The subject of food has long been the focal point of great works of art—from Leonardo da Vinci’s The Last Supper to Warhol’s Campbell’s Soup Cans series. Recently, the Studio Museum in Harlem assembled a new exhibit titled Palatable: Food and Contemporary Art, showcasing the work of contemporary artists and their use of food as a means to address issues of politics, memory, heritage, race and culture. All the work is from artists of African descent. Artist Benny Andrews, who died in 2006, was a teacher, painter and printmaker with a strong sense of social justice, who the year before his death traveled to the Gulf Coast and worked as an art teacher with children displaced by Hurricane Katrina. His powerful piece Poverty is an examination into not bounty but lack of food.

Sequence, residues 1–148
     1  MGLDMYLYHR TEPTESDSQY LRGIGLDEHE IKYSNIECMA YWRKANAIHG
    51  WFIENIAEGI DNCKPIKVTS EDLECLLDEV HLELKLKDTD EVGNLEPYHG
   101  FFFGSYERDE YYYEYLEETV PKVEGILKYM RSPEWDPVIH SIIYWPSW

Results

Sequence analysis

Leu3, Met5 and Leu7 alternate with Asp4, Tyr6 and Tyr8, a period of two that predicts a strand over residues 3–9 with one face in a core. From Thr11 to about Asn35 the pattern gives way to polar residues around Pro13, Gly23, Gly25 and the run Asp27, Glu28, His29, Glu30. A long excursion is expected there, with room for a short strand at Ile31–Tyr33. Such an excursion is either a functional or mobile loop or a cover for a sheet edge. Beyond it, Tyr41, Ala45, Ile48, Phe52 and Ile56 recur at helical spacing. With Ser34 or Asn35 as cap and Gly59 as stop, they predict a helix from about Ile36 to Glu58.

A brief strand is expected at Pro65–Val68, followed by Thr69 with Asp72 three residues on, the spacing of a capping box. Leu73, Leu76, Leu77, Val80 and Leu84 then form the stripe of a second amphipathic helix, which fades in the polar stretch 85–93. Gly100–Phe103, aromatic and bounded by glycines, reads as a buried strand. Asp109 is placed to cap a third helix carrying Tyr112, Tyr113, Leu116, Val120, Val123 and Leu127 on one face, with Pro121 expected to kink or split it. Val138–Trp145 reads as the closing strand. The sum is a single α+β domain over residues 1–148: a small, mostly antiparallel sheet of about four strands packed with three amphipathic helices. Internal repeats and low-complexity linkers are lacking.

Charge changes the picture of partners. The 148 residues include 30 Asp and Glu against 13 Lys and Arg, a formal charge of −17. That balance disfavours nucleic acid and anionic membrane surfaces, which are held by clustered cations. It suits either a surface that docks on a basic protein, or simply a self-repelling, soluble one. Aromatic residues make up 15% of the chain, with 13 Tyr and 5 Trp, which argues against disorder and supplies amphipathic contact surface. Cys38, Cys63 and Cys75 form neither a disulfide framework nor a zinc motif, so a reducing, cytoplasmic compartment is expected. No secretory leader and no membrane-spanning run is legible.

Andrews, Benny. Poverty (America Series). 1990.
Oil and graphite on paper with painted fabric collage, 50¼” x 38¾”.
Courtesy of Michael Rosenfeld Gallery LLC, NY, NY.
Food and Contemporary Art (through June 26th)
The Studio Museum in Harlem
144 West 125th Street, NY, NY